insert into courseData(courseName , courseId ) values('Math', 1);
insert into courseData(courseName , courseId ) values('English', 2);

create student_course and link with foreign keys

--create student_course table
CREATE TABLE student_course(
FOREIGN KEY (courseId) REFERENCES courseData(courseId),
FOREIGN KEY ( studentId) REFERENCES studentData( studentId));

--insert the data
insert into student_course(courseId,studentId) values(1,1);
insert into student_course(courseId,studentId) values(2,1);
insert into student_course(courseId,studentId) values(1,2);
insert into student_course(courseId,studentId) values(2,3);
insert into student_course(courseId,studentId) values(1,4);
insert into student_course(courseId,studentId) values(2,2);
Create table with Foreign keys

7. Select Data from Joined Tables

In this step, I will select the data from joined tables based on the primary and foreign keys.

select with join

select * 
from student_course sc, studentData s, courseData c
where sc.courseId = c.courseId
and sc.studentId = s.studentId;

select result

mysql> select *
    -> from student_course sc, studentData s, courseData c
    -> where sc.courseId = c.courseId
    -> and sc.studentId = s.studentId;
| id | courseId | studentId | studentName | studentId | studentAge | courseName | courseId |
|  1 |        1 |         1 | Mary Zheng  |         1 |         50 | Math       |        1 |
|  3 |        1 |         2 | Tom He      |         2 |         56 | Math       |        1 |
|  5 |        1 |         4 | John Cheng  |         4 |         25 | Math       |        1 |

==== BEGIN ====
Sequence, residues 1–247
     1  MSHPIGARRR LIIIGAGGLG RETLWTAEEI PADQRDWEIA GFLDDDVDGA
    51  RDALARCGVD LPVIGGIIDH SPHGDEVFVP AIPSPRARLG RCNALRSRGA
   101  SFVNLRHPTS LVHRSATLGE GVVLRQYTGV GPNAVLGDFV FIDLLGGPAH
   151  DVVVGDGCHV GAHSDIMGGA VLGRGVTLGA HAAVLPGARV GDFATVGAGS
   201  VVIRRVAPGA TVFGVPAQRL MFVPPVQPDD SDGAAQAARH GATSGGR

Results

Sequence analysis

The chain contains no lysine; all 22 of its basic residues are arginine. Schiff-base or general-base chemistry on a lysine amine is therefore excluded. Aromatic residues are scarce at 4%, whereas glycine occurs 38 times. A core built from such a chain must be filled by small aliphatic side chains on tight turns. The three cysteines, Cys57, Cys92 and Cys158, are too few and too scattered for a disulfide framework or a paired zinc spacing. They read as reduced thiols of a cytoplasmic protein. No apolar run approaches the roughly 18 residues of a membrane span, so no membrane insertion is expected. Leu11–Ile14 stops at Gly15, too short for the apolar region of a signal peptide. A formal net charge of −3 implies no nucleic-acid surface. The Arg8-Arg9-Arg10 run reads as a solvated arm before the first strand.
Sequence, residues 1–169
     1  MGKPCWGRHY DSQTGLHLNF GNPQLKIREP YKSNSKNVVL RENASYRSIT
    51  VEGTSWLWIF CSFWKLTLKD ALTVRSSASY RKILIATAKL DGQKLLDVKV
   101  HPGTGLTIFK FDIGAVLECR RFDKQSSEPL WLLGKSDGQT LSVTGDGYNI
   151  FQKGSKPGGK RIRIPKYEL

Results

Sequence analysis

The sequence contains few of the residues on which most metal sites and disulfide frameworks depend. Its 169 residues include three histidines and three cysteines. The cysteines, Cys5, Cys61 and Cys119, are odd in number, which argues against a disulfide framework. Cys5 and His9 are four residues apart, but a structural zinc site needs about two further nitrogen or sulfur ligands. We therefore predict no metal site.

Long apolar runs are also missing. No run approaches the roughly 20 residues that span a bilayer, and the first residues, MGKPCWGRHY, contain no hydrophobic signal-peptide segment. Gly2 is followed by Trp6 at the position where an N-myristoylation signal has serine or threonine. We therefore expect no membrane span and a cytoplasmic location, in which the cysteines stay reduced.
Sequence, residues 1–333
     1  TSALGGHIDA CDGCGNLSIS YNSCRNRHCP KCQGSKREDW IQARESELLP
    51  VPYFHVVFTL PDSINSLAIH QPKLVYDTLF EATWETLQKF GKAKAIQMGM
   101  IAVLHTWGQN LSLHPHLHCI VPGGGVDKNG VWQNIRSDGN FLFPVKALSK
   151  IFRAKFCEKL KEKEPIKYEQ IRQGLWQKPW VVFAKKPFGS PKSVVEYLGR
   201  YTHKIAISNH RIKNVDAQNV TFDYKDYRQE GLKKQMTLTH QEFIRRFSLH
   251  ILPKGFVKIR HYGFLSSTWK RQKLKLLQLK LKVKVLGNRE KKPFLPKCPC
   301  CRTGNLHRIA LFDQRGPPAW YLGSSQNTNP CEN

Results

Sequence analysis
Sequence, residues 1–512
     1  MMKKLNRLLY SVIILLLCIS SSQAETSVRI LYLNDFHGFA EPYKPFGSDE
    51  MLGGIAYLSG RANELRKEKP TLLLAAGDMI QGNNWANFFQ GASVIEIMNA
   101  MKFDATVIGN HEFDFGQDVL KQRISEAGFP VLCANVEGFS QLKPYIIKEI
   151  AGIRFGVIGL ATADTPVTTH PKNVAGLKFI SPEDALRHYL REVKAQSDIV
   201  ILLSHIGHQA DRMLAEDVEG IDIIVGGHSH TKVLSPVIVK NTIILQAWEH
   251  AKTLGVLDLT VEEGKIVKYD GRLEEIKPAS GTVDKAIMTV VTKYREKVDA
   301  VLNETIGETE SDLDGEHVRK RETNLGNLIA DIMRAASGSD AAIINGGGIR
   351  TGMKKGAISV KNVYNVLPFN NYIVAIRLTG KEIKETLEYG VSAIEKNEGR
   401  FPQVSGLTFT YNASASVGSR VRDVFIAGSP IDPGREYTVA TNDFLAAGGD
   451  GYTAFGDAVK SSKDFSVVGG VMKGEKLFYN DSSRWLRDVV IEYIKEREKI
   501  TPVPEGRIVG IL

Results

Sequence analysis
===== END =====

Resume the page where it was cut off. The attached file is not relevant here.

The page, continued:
|  2 |        2 |         1 | Mary Zheng  |         1 |         50 | English    |        2 |
|  4 |        2 |         3 | Tina  Sheng |         3 |         16 | English    |        2 |
|  6 |        2 |         2 | Tom He      |         2 |         56 | English    |        2 |
6 rows in set (0.01 sec)


8. Summary

This article discusses the SQL Create Table command’s functionality and usage through the example. SQL Create Table command is one of the most fundamental commands in SQL. It also touches upon the relational database terminologies – relations, tuples, attributes, primary, foreign key, insert, and select statements.

9. Download the source code

You should download the source code to implement the functionality of SQL Create Table command.

You can download the full source code of this example here: SQL Create Table Example

Last updated on Feb. 24th, 2022

Simran Koul

Simran has graduated as a Bachelor of Engineering in Computer Science from Chitkara University. She has undergone a 6-months long comprehensive industrial training at the reputed Centre for Development of Advanced Computing (C-DAC), where she worked on a project including the likes of Java, JSP, Servlets while the UI-UX through the pioneering HTML, CSS and JS. Her inquisitive nature and the seed of curiosity keeps her on the toes to find material to write about. Along with her interests in Software Development, she is an ardent reader and always ready-to-write writer.